The Scrooge Effect
In 2008, while on a long December layover in the Atlanta Airport, I bought a paperback copy of A Christmas Carol. I read it in one sitting (it’s a short book) and have done so every year since then. That means I’ve read the tale eleven times, so trust me when I say this: most people don’t understand the message of the story.
A Christmas Carol is not a story about how you should be cheerful at Christmas. "Don't be a grumpy, bah humbug Scrooge" is not the point.
It's a story about how we have a moral responsibility to care for our fellow human beings. To lift them out of suffering, to be concerned with the welfare of the disadvantaged, the poor, the hungry, and the lonely.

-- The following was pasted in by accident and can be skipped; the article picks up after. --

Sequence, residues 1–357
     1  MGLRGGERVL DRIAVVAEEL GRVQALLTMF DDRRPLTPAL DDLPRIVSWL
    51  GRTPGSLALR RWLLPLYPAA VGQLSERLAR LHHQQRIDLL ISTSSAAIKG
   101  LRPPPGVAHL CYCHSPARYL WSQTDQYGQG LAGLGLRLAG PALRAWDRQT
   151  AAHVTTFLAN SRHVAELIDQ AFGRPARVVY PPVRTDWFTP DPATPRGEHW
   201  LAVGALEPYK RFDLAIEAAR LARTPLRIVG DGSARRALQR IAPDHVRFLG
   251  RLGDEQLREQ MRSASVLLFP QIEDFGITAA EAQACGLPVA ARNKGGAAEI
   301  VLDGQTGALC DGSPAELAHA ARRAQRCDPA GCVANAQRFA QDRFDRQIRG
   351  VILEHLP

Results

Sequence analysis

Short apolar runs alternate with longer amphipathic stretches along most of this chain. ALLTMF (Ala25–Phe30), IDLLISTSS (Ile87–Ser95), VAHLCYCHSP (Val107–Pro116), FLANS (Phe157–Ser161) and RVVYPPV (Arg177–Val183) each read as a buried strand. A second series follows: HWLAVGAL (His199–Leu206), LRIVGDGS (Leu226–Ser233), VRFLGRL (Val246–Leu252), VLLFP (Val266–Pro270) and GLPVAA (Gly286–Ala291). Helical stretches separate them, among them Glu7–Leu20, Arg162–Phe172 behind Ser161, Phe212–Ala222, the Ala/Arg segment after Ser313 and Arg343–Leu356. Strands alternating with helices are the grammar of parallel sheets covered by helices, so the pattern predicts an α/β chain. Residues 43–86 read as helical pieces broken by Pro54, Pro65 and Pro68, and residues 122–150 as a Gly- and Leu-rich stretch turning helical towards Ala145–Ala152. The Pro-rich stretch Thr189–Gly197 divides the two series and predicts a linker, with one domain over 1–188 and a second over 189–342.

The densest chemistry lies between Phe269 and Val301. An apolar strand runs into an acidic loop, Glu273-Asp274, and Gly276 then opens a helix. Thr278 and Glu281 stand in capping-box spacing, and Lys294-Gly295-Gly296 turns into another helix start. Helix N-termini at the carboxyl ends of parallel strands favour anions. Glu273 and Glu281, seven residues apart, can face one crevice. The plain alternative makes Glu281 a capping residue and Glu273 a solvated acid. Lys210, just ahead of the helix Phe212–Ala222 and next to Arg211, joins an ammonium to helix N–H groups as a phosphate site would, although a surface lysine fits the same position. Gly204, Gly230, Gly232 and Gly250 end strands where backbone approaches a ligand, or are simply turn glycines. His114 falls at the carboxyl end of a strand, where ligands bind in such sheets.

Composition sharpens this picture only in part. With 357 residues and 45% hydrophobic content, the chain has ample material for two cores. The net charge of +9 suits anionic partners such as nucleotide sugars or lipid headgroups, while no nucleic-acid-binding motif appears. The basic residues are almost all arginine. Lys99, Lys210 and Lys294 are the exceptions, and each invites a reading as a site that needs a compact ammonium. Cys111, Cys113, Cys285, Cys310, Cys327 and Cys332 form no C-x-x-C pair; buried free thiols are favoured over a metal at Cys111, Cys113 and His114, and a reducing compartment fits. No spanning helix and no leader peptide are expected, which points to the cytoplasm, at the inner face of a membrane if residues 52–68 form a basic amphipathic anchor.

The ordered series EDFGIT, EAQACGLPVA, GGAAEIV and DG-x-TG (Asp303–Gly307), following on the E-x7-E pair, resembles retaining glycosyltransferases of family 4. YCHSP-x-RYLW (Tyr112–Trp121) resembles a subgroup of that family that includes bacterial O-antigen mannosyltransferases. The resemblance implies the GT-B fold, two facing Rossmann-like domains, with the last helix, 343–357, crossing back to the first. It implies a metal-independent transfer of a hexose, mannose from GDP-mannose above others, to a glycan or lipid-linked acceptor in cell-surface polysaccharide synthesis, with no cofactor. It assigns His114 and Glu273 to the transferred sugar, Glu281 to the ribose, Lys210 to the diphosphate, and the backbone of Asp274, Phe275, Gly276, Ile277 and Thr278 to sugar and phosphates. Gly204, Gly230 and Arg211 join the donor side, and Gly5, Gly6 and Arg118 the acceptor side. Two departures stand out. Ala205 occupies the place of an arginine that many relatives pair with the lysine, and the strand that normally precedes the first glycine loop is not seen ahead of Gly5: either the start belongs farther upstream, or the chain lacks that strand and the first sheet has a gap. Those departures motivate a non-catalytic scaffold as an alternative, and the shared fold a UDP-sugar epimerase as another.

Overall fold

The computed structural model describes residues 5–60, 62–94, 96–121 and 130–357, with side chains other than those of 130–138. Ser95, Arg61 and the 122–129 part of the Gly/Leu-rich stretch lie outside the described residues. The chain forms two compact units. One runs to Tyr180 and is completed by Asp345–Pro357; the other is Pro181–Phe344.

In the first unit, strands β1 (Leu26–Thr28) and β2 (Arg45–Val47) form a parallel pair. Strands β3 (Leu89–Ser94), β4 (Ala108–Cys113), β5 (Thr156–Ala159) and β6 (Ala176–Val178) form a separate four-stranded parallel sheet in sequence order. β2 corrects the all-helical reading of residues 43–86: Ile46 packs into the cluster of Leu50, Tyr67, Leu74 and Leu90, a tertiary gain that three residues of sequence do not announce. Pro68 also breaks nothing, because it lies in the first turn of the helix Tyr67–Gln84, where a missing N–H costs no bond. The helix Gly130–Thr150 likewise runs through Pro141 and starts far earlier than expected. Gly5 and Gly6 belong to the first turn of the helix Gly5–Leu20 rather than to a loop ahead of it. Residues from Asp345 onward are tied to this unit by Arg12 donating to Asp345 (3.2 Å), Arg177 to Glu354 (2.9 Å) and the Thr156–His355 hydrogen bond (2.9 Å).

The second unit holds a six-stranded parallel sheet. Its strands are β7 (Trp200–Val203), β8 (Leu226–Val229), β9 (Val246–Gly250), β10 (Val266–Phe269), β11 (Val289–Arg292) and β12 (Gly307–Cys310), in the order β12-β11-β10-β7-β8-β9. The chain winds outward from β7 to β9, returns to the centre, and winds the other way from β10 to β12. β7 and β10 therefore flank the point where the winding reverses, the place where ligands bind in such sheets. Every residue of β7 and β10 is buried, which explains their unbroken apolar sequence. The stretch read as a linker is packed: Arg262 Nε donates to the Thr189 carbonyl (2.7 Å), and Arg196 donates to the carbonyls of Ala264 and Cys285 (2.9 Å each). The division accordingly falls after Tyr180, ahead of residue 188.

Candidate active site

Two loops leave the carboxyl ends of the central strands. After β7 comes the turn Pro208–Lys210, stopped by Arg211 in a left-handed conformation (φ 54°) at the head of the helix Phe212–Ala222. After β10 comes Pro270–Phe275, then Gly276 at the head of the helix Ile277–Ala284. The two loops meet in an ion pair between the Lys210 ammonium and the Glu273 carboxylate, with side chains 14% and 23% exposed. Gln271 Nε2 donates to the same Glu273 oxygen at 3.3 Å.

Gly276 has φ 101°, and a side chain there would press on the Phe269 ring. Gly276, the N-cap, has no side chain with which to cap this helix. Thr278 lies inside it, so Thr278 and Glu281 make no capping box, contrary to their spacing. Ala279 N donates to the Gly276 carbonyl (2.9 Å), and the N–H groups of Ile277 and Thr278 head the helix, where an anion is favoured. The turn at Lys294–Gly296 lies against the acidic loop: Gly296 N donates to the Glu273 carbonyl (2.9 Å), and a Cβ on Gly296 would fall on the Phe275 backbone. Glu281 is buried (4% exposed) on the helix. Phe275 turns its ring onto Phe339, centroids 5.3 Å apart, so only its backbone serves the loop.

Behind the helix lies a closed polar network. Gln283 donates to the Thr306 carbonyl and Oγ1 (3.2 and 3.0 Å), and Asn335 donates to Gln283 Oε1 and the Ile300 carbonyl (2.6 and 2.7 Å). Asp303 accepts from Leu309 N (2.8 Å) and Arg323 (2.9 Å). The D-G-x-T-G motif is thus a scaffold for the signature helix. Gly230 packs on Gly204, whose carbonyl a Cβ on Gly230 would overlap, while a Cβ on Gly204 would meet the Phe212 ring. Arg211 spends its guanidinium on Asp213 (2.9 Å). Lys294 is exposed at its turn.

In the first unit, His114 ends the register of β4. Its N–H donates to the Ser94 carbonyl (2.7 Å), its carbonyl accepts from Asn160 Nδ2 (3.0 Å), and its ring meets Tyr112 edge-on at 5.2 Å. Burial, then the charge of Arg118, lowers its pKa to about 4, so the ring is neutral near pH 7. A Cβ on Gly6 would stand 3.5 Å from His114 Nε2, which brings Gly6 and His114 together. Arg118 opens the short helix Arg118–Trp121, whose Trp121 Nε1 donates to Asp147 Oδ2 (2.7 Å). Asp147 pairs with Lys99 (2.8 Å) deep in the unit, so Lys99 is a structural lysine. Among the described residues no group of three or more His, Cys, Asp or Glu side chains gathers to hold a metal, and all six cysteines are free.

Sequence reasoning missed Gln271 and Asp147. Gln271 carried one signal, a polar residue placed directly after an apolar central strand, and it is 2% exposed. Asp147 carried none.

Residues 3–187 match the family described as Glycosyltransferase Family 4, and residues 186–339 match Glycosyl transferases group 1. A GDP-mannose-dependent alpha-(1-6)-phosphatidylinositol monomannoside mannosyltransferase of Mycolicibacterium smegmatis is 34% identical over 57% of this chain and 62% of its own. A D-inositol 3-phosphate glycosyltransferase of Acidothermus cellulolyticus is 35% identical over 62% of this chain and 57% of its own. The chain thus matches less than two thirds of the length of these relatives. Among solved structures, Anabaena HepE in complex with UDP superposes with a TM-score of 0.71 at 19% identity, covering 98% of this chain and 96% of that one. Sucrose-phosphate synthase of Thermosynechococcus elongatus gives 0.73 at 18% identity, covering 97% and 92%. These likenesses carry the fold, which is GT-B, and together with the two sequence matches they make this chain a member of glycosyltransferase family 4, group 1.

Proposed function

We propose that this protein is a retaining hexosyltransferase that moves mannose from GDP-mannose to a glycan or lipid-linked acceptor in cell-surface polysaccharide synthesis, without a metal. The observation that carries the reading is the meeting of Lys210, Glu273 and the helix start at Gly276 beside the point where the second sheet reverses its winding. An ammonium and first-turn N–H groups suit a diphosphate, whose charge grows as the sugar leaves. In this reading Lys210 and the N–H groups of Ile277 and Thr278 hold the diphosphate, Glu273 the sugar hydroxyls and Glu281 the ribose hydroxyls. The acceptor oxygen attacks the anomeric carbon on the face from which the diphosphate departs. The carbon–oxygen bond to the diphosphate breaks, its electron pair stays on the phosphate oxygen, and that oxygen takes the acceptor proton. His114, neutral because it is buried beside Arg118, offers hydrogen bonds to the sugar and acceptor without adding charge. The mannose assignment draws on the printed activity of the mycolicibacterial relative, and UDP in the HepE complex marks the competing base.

It's a story about the soul-tarnishing consequences of believing that things will sort themselves out, that suffering is the problem of the sufferer and need not concern those who are privileged enough, through random chance, not to suffer.
It's a warning against the idea that the poor have somehow caused their own poverty. That pain is somehow deserved.
It is a call to arms, and above all, a plea for empathy.
“But you were always a good man of business, Jacob,' faltered Scrooge, who now began to apply this to himself.
Business!' cried the Ghost, wringing its hands again. "Mankind was my business; charity, mercy, forbearance, and benevolence, were, all, my business. The deals of my trade were but a drop of water in the comprehensive ocean of my business!”
Remember: this is a ghost story. And at the heart of every ghost story is this--our every action, our every choice, has a consequence.